Today was all about trials in our three-hour block. Relief Society, Sunday School, and even parts of Sacrament Meeting were devoted to them. This came a day after I was on my knees praying for help in overcoming my own. Very convenient.
In our study and discussions, one scripture that really stuck out to me was D&C 122:9, which reads:
“Therefore, hold on thy way, and the priesthood shall remain with thee; for their bounds are set, they cannot pass. Thy days are known, and thy years shall not be numbered less; therefore, fear not what man can do, for God shall be with you forever and ever.”
Note the highlighted portion of this scripture. If I had to pick a scriptural phrase that I have repeated to myself the most often with the most passion, it is fear not what man can do.
It is no great revelation to me that I often care more about what other people think than what the Lord thinks. My shyness in certain social situations can attest to that — I often freak out about opening my mouth and making a fool of myself, probably because I do open my mouth and make a fool of myself. I often self-talk by saying, “Say that and they’ll laugh. Do this and you’ll be okay. Absolutely don’t act like that unless you want to be embarrassed.” Long story short, this scripture resonates with me.
The one thing I don’t like about this scripture, however, (and it’s not the scripture’s fault, but our own, really) is that it appears to be so general. We don’t even talk about it much. We just throw it out there and say, “Don’t fear man, okay, guys?” But what is man, exactly? All of mankind? I guess, but we don’t have to interact with all of mankind on a consistent basis.
That’s when it hit me today that I need to be inserting the “man” (or groups of men) that my Heavenly Father asks me to not fear in my own life. If taken in the context of my life, this scripture would say the following things:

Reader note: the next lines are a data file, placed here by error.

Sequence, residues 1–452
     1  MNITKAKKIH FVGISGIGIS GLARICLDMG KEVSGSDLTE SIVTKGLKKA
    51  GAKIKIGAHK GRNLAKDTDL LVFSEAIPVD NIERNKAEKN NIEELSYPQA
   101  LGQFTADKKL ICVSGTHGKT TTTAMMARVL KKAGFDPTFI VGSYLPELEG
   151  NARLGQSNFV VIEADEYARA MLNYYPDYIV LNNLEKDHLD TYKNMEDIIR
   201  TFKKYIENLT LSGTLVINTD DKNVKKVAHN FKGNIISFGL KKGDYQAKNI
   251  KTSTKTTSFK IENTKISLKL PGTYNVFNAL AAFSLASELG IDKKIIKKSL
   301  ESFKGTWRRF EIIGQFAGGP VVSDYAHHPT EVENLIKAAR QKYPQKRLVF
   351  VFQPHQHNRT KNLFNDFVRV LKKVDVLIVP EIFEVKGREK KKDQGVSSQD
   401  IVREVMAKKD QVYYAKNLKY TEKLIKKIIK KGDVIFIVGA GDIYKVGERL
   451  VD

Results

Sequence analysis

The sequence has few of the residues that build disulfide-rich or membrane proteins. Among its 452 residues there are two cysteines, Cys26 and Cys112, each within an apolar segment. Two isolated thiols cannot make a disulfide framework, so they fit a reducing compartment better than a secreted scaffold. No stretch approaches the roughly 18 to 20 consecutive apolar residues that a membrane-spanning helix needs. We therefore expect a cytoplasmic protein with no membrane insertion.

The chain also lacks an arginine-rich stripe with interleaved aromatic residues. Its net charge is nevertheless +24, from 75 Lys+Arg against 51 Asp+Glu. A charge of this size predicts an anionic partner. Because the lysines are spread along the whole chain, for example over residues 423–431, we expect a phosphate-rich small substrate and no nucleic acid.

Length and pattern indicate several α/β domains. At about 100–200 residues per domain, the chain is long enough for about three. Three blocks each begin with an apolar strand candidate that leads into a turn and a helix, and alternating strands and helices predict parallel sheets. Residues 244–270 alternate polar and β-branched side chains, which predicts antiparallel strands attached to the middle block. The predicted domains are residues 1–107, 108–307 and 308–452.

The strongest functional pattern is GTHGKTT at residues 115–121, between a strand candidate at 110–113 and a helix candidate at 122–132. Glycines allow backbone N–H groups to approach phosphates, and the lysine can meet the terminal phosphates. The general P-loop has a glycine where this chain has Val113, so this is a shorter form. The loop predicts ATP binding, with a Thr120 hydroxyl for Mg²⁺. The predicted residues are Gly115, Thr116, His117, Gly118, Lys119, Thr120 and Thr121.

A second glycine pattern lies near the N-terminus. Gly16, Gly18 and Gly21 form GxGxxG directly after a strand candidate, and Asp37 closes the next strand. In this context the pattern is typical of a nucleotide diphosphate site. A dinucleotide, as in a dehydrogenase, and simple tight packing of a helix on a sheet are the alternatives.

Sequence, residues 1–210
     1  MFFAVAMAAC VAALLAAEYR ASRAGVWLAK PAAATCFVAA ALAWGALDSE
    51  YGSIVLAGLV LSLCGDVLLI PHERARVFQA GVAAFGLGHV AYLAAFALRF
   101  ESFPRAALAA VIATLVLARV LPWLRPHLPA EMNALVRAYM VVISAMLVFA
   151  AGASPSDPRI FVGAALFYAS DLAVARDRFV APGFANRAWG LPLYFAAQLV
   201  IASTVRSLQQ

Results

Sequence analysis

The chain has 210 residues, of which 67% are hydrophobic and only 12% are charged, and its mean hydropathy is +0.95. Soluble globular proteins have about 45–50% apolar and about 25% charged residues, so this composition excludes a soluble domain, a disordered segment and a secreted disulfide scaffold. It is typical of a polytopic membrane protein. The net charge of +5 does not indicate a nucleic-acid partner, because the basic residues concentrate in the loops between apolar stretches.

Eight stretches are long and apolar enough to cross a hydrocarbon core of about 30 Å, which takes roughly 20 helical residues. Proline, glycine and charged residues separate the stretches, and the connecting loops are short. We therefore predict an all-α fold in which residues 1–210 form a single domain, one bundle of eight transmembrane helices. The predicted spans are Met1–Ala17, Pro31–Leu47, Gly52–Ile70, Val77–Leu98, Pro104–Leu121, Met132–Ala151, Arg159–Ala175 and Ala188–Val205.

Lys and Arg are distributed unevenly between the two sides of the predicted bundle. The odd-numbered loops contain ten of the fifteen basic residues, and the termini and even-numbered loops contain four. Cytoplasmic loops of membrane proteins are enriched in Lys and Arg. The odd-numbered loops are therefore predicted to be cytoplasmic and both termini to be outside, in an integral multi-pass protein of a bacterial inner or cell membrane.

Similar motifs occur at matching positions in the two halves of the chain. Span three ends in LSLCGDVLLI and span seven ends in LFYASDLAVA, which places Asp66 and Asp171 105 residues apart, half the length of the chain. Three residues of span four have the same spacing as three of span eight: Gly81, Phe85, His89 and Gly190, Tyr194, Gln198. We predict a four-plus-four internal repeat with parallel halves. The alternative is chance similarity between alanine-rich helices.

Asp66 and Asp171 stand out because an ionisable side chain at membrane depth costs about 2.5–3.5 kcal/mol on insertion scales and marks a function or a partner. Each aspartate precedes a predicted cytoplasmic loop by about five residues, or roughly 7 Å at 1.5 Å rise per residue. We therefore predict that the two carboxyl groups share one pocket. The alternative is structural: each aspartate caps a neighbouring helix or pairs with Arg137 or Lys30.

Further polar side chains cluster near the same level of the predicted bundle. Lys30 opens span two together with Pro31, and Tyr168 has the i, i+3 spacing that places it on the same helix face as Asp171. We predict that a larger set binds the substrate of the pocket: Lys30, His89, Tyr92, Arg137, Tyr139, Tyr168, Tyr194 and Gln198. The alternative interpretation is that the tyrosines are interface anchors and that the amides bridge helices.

Fear not what friends can do.
Fear not what dates can do.
Fear not what politicians can do.
Fear not what professors can do.
Fear not what congresses can do.
Fear not what celebrities can do.
Fear not what guys you like can do.
Fear not what popular kids can do.
Fear not what civil rights groups can do.
Fear not what customers or coworkers can do.
Fear not what society can do.
Fear not what classmates can do.
Fear not what crowds can do.
Taken like that, the scripture becomes more real to me. I may write these things all over my room and my car to remind myself to not be afraid of them.
As the next part of the scripture promises, God shall be with us forever and ever if we only concern ourselves with what He thinks and what He’ll do. The great thing about that is that He’ll be a lot nicer to us than most of these people ever will. He loves us more than anyone else can, because He has the capacity to love us more. Infinitely more.
Who are the “men” that you fear? Write them down, and as this scripture admonishes, fear not what they can do. They may be able to punch you in the face and spread gossip about you and hurt your feelings and break your heart and pass laws that are wrong and advocate immoral behavior, but lest we forget, Heavenly Father has the power to make and destroy universes.
Taking that into consideration, realize what a blessing it is that He loves us so much. We need only love Him back to be blessed by Him.